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Japanese Internment Camps

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Matthew Husmann

on 3 May 2010

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Transcript of Japanese Internment Camps

JAPANESE INTERMENT CAMPS These camps were created to relocate Japanese
Americans, and to make sure they aren't able to
be used as Japanese spies during World War II. Reasons Americans were afraid
that the Japanese Americans
were spies that were going
against the United States, and
were going to attack the
American people. Locations Interments camps were located all to the west
of the Mississippi.
Most were located on the far west coast but
some were near the Mississippi. Japanese Americans before the war Before the war life was usually the same for Japanese Americans as other Americans. Those who were not yet US citizens were still thought to be less than other Americans though, and were not given land or much freedom, but this was how it was for all "aliens". In a census during 1937 it was found that 126,947 Japanese Americans were citizens by birth, which at the time was 62.7 percent of Japanese Americans. In addition it was found that 157,905 Japanese peope were located in U.S. territories. Beginning of Internment Camps On February 19th, 1942 President Roosevelt signed an order establishing the Japanese Internment camps. This ordered over 110,000 Japanese Americans to leave their homes and move to different camps around the western United States. Life at Internment Camps Life at the Internment camps were extremely indecent and not acceptable for living. Each block had 14 barracks, 1 mess hall, and 1 recreational hall outside, and bathrooms were located inside. The blocks were attempting to fit an extreme number of Japanese into a very small area. Each camp was set up into a series of blocks. There was also a barbed wire fence surrounding every camp to make sure that no one was able to leave. End of Internment Camps In December 1944 there was an official proclamation stating that in
January of 1945 all Japanese Americans would be allowed to return to
their homes, wherever they may be. The Japanese Americans were just expected to go back to their old lifes as though nothing had happened, without any jobs or money. Life for Japanese Americans after camps In 1948 the government made their first small step by paying the Japanese Americans a small amount of money for the property that they had lost during their time of internment. They gave them each 10 cents for every dollar that they had lost. This was a small step for our government though and there was not much action taken after this for quite some time. Then finally, in 1988 and 1993 the United states gave formal apologies and a larger sum of money, a total of $20,000 dollars to former internees. This seems wasted though since most of the people affected by the camps had long since passed away. Internment camp horror stories February 27, 1942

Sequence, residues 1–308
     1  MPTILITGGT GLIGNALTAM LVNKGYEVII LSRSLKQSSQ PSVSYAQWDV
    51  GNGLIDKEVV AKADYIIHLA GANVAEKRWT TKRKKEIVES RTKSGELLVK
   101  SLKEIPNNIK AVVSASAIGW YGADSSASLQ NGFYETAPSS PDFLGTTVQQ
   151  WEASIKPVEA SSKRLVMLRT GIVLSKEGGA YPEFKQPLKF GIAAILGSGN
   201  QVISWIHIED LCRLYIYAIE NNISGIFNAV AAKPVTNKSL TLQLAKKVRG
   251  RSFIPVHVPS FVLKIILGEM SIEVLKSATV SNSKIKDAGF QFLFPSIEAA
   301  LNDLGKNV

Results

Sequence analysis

Idaho Governor Chase Clark sates that Japanese would only be welcome in Idaho if they were in "concentration camps under military guard." May 1, 1942
Journalist James Omura writes a letter to a Washington law firm inquiring about legal action against the government for violation of civil and constitutional rights. He was unable to pay $3,500 for something that may have allowed for the camps to be ended.
May 13, 1942
Fourty-five-year-old Ichiro Shimoda is shot to death by guards while trying to escape from Fort Still internment camp. The victim was seriously mentally ill and had attempted suicide twice since arriving at the camp, he was shot despite the guards knowledge of his condition. May 16, 1942
Hikoji Takeuchi is shot by guards in Manzanar. He was collecting scrap lumber and did not hear the guard shout for him to return since he had gone outside of his boundaries he had been facing the guard when he was shot. July 27, 1942
2 Japanese internees are shot to deat by guards who stated the men had been trying to escape. It was later found out that the men had just been to ill to walk from the train station to the camp gate. April 11, 1943
A 63 year old internee is shot to death by a senty when allegedly trying to escape, it was later found out that he was inside the gate and facing the guard when he was shot. The guard was then put on trial and found "not guilty." May 24, 1944
Shoichi James Okamoto is shot to death by a guard after stopping a construction truck at the main gate for permission to pass. The guard was later fined 1 dollar for "unauthorized use of company property"(a bullet). January 8, 1945
The packing shed of the Doi family is burned, dynamited, and shot. The family was the first to be allowed to leave the internment camps. Some 30 more similar instances occured in the following months. Bibliography www.pbs.org www.wikipedia.com www.momomedia.com www.havenwork.com www.bookmice.com
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